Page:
Monday, May 23, 2022
High-security fences have been a staple for protecting detention facilities, data centers, airports and distribution centers. However, in recent years, this type of fence has increasingly become popular for protecting public works like reservoirs, pipelines, dams, sewage treatment centers and much more. While these projects need all the same strength and deterrence capabilities of a standard high-security steel fence, their location often presents additional challenges to take into consideration when choosing the right fencing solution.
For instance, unlike an airport that sits on a relatively flat expanse of land, a dam or reservoir may be surrounded by sloped or uneven ground, which can create sizeable gaps at the bottom of a fence. These gaps are weak spots for intruders to slide under. An aggressive landscape isn't the only thing to consider. There's also the difficulty of accessing the site to install the fence and the increased exposure to the elements. With these things in mind, facility managers for public works projects need a fence that can handle the added challenges of these sites. The points below are just a few qualities a high-security fence should have to adequately protect an isolated site.
Choosing an anti-climb fence is of utmost importance for public works projects that are in more isolated areas. High-security steel fences are robust in weight and physical appearance. They also typically have the vertical and horizontal components integrated, which makes it appear more difficult to cut through or remove sections of the fence. While high-security steel fences can withstand brute force, strength alone does not make a fence impenetrable, which is why anti-climbing designs are a must. Further, for remote locations, without frequent traffic or feasible guard routes, an anti-climb security fence may be the only thing standing in the way between essential public services and intruders with mal intent.
But what is an anti-climb fence? Put simply, it's a fence with features that prevent climbing. These features can range from slick and durable mesh installed over a fence to rolling assemblies that prevent an intruder from gaining handholds. They can also be part of the fence itself. Horizontal rails can be designed to inhibit a foothold to prevent easy climbing. Select high-security, anti-climb fence manufacturers have developed solid i-beam pales that are installed through the rail to deter and deny any would-be climbers. Strong and sophisticated in appearance, anti-climb security fences can also have pales that curve outward, creating a fence top that is difficult to scale.
As implied above, sloped or uneven terrain can create a weak link in a facility's perimeter defenses. For traditional high-security fences, these changes often create gaps at the bottom of the fence. In these instances, all the investment in an anti-climb security fence would be for naught because an intruder could easily slide underneath.
Rackable design contributes to a fence’s ability to keep a well-defined perimeter by allowing a fence to follow gradation changes without the bottom gap. For example, ARES™ high-security steel fencing from Fortress Building Products can adjust up to 12 inches per panel to sideline any issues posed by aggressive landscapes. As such, it ensures that both the top and bottom will deter any prospective trespasser. Rackable design also supports a visually appealing look by allowing the fences to smoothly roll over hills and valleys.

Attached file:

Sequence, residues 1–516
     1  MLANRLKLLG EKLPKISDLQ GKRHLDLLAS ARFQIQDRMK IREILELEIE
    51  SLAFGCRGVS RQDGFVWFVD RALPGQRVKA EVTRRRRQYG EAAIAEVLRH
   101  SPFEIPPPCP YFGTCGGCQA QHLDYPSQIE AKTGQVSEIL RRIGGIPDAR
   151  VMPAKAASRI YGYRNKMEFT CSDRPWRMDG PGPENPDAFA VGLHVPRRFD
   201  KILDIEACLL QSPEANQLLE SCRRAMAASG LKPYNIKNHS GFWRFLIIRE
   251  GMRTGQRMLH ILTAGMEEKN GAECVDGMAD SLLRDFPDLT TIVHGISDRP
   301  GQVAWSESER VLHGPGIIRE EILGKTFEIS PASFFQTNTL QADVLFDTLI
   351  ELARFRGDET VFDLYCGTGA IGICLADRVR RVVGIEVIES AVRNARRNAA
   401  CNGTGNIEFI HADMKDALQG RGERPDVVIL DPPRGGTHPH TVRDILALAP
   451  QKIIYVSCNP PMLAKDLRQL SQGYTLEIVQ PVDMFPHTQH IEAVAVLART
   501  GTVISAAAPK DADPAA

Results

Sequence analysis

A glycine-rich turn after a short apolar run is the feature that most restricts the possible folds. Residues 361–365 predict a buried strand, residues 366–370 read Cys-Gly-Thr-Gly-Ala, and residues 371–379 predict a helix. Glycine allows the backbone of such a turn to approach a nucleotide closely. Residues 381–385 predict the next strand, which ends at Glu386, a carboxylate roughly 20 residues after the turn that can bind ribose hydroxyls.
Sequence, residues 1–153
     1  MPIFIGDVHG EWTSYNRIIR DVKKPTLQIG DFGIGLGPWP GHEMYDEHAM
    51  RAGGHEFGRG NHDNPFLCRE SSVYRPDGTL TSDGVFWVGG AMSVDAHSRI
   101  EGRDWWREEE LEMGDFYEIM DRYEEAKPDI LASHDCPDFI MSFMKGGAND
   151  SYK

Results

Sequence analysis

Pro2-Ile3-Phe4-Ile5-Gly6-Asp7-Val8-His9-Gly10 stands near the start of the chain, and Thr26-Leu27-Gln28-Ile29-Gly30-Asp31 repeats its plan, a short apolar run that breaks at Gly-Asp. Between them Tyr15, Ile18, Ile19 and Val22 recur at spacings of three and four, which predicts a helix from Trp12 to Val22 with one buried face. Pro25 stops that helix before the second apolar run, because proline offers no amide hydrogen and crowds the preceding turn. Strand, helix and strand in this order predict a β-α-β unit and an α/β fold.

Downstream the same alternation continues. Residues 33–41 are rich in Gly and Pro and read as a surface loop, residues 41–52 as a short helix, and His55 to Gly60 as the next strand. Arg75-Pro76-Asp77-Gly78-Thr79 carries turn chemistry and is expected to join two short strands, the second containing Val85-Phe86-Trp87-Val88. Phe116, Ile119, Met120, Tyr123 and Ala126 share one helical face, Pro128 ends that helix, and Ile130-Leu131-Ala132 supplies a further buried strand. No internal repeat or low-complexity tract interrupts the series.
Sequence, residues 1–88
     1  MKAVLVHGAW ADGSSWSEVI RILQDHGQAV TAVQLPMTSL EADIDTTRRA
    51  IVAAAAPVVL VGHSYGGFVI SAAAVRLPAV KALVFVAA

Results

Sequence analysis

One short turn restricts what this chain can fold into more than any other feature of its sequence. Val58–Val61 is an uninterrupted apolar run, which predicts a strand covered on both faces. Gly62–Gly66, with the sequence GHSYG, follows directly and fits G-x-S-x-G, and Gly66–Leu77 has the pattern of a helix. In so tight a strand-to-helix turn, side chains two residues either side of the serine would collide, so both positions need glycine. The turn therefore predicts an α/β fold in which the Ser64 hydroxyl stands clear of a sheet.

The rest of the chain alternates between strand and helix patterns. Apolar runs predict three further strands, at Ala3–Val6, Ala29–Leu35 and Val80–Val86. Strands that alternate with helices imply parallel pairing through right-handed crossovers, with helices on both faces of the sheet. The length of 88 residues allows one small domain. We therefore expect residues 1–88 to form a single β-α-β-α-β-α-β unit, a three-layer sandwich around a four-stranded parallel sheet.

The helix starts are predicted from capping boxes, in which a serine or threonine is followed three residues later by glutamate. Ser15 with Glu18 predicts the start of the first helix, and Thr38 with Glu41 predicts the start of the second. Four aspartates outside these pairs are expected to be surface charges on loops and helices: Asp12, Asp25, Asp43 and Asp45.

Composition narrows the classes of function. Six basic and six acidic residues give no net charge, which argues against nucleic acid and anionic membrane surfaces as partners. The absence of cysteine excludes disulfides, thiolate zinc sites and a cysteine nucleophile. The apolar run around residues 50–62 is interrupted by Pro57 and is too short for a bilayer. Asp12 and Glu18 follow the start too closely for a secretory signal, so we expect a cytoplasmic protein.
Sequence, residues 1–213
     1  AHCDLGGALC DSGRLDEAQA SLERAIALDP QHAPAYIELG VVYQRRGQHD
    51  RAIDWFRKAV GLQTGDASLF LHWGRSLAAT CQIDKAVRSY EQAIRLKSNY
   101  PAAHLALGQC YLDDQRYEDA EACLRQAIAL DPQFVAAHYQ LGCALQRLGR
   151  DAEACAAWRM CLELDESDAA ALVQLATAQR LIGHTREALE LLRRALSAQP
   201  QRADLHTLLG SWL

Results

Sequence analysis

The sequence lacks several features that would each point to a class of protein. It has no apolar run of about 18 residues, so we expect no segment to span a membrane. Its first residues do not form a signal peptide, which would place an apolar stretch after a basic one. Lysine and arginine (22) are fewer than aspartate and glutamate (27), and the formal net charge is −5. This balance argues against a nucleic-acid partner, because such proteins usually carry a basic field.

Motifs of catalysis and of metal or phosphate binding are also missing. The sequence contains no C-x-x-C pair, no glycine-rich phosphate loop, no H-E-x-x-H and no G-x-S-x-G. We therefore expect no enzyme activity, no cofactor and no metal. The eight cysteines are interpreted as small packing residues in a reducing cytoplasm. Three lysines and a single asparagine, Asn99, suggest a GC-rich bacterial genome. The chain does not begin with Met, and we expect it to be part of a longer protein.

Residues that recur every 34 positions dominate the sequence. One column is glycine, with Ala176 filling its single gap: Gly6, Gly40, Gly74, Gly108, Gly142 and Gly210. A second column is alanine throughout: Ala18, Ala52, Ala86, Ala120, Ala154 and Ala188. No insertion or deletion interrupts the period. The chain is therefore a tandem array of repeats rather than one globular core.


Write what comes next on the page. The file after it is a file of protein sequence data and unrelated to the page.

Additionally, high-security fences used in isolated areas like sewage treatment plants or reservoirs should be quick and easy to install. Not only does this mean fewer days without an anti-climb security fence, but it also means less hours will be needed to get crews out to the site and the fence built, which can translate to a lower bottom line.
Pre-assembled panels also offer product consistency. Facility managers will not need to inspect every single pale to be certain it is up to snuff. Instead, they can rest assured that the whole assembly will meet their security needs.
All fences protect what they surround, but they, too, also need protection. Anti-climb security fencing solutions can withstand the elements for a long service life when they sport both extensive galvanization and a layer of architecture grade powder coating. Both elements resist corrosion from rain and high humidity to ensure fence's structural integrity for years to come.
In addition, dual protected high-security fencing will resist fading from harsh UV exposure. Because these layers of protection provide premium weather-resistance while also being virtually maintenance-free, they can be ideal for remote or difficult-to-reach locations. Facility managers will not need to think through the logistics of getting equipment, crews and chemicals out to an isolated location. Further, because dual-coated high-security steel fences do not need regular fungicide and insecticide treatments, they can be maintained without risking polluting nearby ecosystems or contaminating reservoirs or dams with harmful chemicals.
For buildings and campuses looking to bolster the protection at their perimeters, there are many options for anti-climb fences. This single quality is more than adequate for easily accessed facilities on relatively flat terrain. But for more remote locations that have uneven and sloped landscapes, anti-climb capabilities should be supplemented with other features.
So why settle for the bare minimum? High-security options from Fortress® fencing create a more robust, longer-lasting first line of defenses against intruders with leading weather-resistance, pre-assembled and rackable panels. These products are an ideal solution for places that cannot be monitored regularly as well as those that can.